Pharma companies are no stranger to photography-based disease awareness campaigns. But there's something different about AstraZeneca's latest breast cancer photo campaign: The photographers are the patients themselves.
Breast cancer detection may soon leave 2-D mammography in the dust, embracing instead a more comprehensive diagnostic tool: 3-D technology.
Researchers from the Nebraska Center for Materials and Nanoscience at the University of Nebraska have created a thin electronic skin made of nanoparticles and polymers that can be applied to the breast and used to find and image lumps.
A new breast cancer vaccine tested in a clinical trial at the University of Texas MD Anderson Cancer Center boosted survival rates in patients with elevated levels of a protein associated with cancer growth, a new study shows.
A researcher key in understanding the role the BRCA1 and BRCA2 genes play in breast and ovarian cancer, Mary-Claire King of the University of Washington, has called for women to be screened for these genes at around age 30 as part of routine care. Her latest research suggests that these genetic markers offer as much insight as a family cancer history into the risk faced by a particular woman.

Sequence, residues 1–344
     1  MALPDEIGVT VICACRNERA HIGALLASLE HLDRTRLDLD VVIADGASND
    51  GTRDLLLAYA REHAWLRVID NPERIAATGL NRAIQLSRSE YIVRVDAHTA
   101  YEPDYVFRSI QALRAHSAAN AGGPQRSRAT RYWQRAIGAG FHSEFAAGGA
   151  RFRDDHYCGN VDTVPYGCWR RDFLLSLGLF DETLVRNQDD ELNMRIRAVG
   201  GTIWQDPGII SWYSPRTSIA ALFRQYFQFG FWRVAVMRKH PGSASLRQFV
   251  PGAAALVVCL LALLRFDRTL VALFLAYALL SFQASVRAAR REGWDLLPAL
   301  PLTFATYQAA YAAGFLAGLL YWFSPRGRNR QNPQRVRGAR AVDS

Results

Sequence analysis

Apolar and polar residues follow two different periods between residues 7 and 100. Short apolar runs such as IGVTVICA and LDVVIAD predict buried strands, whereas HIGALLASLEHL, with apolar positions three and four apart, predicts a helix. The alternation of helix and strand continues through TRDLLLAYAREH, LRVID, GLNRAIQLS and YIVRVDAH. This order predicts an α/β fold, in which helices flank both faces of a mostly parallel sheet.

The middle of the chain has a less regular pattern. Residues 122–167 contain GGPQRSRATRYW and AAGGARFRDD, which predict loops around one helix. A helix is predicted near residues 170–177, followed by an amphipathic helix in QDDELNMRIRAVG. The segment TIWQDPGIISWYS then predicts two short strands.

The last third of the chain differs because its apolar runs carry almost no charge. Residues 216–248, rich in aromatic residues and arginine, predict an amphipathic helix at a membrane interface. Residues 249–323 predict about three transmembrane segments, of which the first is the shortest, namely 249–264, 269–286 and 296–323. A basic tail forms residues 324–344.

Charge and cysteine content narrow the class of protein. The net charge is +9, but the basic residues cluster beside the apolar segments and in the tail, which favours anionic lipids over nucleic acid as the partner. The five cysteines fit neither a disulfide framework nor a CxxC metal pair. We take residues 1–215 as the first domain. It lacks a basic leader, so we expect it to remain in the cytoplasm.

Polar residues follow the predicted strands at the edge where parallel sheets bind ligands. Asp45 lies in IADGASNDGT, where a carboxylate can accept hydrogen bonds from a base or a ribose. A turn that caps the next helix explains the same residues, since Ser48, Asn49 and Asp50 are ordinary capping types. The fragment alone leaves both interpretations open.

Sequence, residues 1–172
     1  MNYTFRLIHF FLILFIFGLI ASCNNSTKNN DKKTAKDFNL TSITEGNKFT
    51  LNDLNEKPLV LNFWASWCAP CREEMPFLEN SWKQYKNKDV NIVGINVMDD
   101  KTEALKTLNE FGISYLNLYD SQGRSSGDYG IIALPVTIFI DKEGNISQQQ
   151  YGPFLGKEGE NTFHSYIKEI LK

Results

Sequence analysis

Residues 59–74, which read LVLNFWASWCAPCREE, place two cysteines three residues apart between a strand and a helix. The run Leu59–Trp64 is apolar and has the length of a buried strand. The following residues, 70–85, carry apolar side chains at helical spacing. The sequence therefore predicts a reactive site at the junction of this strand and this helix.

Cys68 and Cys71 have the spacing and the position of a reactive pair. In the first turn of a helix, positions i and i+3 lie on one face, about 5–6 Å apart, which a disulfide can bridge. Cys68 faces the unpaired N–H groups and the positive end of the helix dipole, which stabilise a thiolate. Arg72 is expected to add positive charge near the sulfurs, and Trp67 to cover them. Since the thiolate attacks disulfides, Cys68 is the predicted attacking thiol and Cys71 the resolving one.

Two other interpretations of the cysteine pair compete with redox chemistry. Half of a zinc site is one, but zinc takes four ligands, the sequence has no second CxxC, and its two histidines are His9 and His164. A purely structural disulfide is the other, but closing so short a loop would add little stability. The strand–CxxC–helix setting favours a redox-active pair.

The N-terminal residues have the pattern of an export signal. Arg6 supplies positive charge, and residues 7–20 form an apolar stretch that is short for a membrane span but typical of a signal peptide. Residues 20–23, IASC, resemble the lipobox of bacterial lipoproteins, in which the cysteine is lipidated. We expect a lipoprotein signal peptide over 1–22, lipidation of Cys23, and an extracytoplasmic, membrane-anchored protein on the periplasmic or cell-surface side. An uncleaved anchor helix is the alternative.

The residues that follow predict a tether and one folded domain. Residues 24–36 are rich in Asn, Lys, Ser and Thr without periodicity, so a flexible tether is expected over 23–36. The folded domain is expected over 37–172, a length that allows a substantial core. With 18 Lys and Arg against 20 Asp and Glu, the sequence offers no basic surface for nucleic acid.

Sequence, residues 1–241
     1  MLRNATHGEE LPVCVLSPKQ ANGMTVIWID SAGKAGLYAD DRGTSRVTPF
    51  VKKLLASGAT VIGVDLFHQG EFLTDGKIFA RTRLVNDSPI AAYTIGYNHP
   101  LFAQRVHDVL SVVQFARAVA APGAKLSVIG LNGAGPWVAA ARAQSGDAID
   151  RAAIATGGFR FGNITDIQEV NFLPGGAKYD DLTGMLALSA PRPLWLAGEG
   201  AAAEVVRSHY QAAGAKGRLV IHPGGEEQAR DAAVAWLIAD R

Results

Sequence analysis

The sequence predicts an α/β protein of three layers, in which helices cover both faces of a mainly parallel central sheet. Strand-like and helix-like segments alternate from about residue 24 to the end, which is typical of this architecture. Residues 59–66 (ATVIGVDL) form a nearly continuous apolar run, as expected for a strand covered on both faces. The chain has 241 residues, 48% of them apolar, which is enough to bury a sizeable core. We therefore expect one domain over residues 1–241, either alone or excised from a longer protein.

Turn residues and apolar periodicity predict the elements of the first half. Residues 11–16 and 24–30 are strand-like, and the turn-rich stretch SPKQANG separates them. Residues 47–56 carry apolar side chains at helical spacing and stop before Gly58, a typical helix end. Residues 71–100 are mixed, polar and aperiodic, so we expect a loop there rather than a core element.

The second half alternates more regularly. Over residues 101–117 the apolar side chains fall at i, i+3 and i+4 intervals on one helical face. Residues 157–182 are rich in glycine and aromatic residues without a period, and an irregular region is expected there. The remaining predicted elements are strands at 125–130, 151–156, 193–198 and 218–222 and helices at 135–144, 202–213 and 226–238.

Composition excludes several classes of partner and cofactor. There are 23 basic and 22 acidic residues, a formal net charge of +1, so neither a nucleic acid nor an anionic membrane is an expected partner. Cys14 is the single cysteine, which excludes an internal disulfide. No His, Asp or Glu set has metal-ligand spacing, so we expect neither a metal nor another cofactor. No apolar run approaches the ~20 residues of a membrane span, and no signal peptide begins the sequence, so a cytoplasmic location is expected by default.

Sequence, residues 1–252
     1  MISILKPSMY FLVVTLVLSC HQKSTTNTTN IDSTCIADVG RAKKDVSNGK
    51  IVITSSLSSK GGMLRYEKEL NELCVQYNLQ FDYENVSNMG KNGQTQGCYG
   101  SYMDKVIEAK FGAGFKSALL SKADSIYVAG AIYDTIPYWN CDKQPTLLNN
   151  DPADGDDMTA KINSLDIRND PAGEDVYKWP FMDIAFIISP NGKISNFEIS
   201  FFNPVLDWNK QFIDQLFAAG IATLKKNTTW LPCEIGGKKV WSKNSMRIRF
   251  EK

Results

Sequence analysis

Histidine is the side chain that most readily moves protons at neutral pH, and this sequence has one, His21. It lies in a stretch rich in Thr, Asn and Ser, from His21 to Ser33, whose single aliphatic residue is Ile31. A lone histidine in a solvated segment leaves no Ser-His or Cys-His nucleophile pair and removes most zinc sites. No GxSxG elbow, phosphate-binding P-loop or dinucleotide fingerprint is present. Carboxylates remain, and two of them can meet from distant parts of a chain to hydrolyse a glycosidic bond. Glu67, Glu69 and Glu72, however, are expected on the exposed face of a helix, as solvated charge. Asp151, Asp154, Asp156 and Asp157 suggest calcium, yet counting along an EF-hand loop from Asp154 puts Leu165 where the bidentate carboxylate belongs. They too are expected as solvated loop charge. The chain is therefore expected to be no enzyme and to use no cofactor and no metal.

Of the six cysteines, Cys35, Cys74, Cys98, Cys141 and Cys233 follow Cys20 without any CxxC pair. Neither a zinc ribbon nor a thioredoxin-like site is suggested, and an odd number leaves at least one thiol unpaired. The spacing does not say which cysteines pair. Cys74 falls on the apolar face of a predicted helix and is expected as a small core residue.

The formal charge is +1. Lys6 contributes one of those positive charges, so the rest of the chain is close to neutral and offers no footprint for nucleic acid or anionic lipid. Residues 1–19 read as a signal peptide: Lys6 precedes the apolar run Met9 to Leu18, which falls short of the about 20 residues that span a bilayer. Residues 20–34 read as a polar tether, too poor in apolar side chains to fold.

As expected, Pfizer has submitted an early FDA application for palbociclib, beating a quick path to market with a breakthrough breast cancer treatment that could peak at nearly $3 billion a year.
Researchers in Chicago have developed a method by which to deliver a breast cancer-preventing drug through the skin to avoid some of the nasty side effects associated with oral ingestion of the drug.
Just a year after J&J swooped in to buy up Aragon's game-changing work on prostate cancer in a billion-dollar deal, Roche's Genentech has followed up to buy what remained: a closely-related breast cancer program that promises to change the way that disease is treated.
In a preclinical study, San Francisco-based Nektar Therapeutics found that its investigational cancer drug, NKTR-214, inhibited growth in highly aggressive tumors, showing potential to treat a variety of cancers.
New York's Provista Diagnostics expanded a licensing deal for biomarker and autoantibody technology developed at Arizona State University--concepts first spotted at Harvard Medical School and the Dana-Farber Cancer Institute.